Given the fact that cancer cells are characterized by a high demand for C1 bodies to ensure continuous growth, enzymes of glycine metabolism, such as GLDC, are overexpressed in tumorigenic tissue6,19. In addition, a combination of low-GLDC/negative-HIF-1α expression has emerged as early prognostic factor for long-term survival in non-small lung cell cancer20. However, GLDC is only one out of four protein components of the GCS, which is ubiquitously essential for one-carbon metabolism9. Another protein of this system is the GCS H-protein (GCSH) which forms the core of the entire GCS, since it functionally connects all GCS enzymes via its lipoyl arm9. Under in vitro conditions, GCS activity is stimulated by external GCSH supply. Consequently, a ~50-fold stimulation of the glycine–bicarbonate exchange rate, relative to the rate measured in the absence of exogenous H-protein, could be reached7. In vivo this phenomenon was also verified in the model plant Arabidopsis. Transgenic GCSH overexpressors showed accelerated glycine turnover, yielding higher biomass production8. This fundamental finding raises the question, if higher GCSH protein amounts have an impact on the proliferation of breast cancer cells?
Our first result confirmed that the GCSH protein is overexpressed in breast cancer tissue and breast cancer cells. Unexpectedly this overexpression does not depend on the histological subtype. Both, luminal, hormone receptor positive, and, basal, triple negative breast cancer cells exhibited a 10-fold increased GCSH content (Fig. 2C), which is congruent with the reported higher GCS in various cancer types6. However, we here demonstrate for the first time that additional GCSH, which very likely results in higher overall GCS activity, strengthens the viability of the breast cancer cells and therefore forces tumorigenesis (Fig. 6). This finding is further supported by the fact that higher GSCH contents correlate with a poorer long-term and relapse free survival rate (SFig. 3).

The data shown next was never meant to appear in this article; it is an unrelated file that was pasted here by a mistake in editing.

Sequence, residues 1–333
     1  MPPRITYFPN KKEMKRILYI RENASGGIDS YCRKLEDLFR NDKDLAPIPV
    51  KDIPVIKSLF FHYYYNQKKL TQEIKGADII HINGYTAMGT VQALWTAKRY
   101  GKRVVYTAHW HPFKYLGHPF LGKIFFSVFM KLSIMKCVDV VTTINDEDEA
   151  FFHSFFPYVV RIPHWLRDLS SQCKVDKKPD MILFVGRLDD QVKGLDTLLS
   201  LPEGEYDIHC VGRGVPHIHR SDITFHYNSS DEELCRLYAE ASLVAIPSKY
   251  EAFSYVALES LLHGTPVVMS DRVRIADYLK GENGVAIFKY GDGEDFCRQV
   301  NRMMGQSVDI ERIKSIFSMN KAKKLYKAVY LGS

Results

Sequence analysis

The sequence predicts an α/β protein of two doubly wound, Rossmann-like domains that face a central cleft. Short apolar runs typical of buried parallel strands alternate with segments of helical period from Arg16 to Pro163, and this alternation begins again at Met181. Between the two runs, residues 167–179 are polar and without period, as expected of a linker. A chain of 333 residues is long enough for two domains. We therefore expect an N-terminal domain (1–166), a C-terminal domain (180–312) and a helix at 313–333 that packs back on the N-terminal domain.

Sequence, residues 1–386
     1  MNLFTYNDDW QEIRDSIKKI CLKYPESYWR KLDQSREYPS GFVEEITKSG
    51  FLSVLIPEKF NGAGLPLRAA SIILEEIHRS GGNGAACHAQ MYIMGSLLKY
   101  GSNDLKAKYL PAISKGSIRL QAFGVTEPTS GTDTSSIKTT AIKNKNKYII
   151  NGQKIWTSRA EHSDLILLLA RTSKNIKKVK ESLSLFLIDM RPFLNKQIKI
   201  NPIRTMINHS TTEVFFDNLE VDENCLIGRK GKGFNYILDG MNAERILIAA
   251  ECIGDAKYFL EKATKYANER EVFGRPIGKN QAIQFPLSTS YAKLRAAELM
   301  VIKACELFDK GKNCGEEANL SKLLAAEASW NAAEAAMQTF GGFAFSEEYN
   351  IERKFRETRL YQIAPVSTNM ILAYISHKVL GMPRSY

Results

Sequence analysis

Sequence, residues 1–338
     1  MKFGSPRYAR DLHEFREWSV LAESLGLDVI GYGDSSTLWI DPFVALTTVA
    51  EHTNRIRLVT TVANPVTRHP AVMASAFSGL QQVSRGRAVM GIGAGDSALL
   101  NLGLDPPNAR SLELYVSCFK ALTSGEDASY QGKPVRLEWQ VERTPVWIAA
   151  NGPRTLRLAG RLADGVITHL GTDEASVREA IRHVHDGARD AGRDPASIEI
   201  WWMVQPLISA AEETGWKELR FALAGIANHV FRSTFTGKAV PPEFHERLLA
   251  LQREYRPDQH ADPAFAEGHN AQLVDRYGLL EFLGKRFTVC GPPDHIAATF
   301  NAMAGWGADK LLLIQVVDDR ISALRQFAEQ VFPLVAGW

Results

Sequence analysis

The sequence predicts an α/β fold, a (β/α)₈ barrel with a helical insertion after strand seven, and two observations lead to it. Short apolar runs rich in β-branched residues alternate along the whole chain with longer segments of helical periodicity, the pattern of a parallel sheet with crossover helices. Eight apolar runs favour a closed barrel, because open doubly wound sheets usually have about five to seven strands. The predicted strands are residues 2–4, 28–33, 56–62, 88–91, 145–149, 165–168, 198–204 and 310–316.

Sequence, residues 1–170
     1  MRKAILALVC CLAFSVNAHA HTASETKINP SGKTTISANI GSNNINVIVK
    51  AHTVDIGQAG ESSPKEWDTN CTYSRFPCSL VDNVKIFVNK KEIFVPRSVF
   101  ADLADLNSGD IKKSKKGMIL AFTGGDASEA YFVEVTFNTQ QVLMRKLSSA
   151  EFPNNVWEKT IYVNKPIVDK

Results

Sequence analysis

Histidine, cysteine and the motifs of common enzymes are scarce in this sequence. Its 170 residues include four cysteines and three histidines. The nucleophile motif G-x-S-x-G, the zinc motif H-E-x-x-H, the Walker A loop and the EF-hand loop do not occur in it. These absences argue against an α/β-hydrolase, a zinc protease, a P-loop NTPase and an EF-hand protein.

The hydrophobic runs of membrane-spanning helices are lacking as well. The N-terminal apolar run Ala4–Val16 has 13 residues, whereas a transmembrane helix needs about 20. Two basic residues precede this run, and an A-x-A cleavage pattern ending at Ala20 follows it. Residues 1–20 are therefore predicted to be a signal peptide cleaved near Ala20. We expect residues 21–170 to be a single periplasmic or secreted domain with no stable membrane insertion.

Secondly, due to the identification of a second transcript variant (Tv*), which is downregulated in all tested breast cancer cell lines, we hypothesized that Tv* could be important for the regulation of the cellular GCSH content, perhaps via antisense repression (Fig. 2). This hypothesis was verified by RNA-binding studies and Tv*-overexpression. Antisense binding of Tv* to Tv1 was shown by northern blotting (Fig. 3). Physiologically, transfection with Tv* mediated a weak cytosolic expression that causes reduced cell viability and cell membrane impairment of MCF-7 cells. Excess of Tv* reduces the expression of Tv1 and induces necrosis of the breast cancer cells within 24–30 h, which was verified by caspase-7 cleavage, an executioner protein of apoptosis and necrosis (Fig. 6). This result implies that the Tv1/Tv* ratio decisively determines GCSH expression and subsequently the capacity for providing C1-units to several biosynthetic pathways. Furthermore, measurement of the cellular glycine and serine levels implicate that the GCSH content significantly affects the cellular glycine-serine equilibrium (Table 1). To our surprise Tv* overexpression did not significantly change glycine levels, and the small change is in the opposite direction as expected - one expects increased glycine levels due to decreased glycine degradation. On explanation is that the amount and/or activity of the glycine producing serine hydroxymethyltransferase (SHMT) is increased. The cytoplasmic and mitochondrial SHMTs catalyze the conversion of serine to glycine with the transfer of β-carbon from serine to tetrahydrofolate (THF) to form 5, 10-methylene-THF. SHMTs are directly interacting with proteins of the glycine decarboxylating system and thus with GCSH, too (Fig. 4G). By western blotting we showed that the amount of the mitochondrial SHMT (mSHMT) was not altered and the cytosolic SHMT protein was not expressed. Therefore, we checked several glycine degrading and converting enzymes. On protein level, we found that the glycine N-methyltransferase (GNMT) expression is repressed in Tv1 overexpressors. Thus, one could speculate that glycine is not further converted into N-methylglycine in Tv1 overexpressors and therefore accumulates intracellularly. Tv* cells overexpress GNMT protein, as a result, more glycine is metabolized and thus measured in reduced concentrations by LC-MS. However, the effects of such a shift in the Gly-Ser balance on cell vitality and its consequences must be determined in the future studies.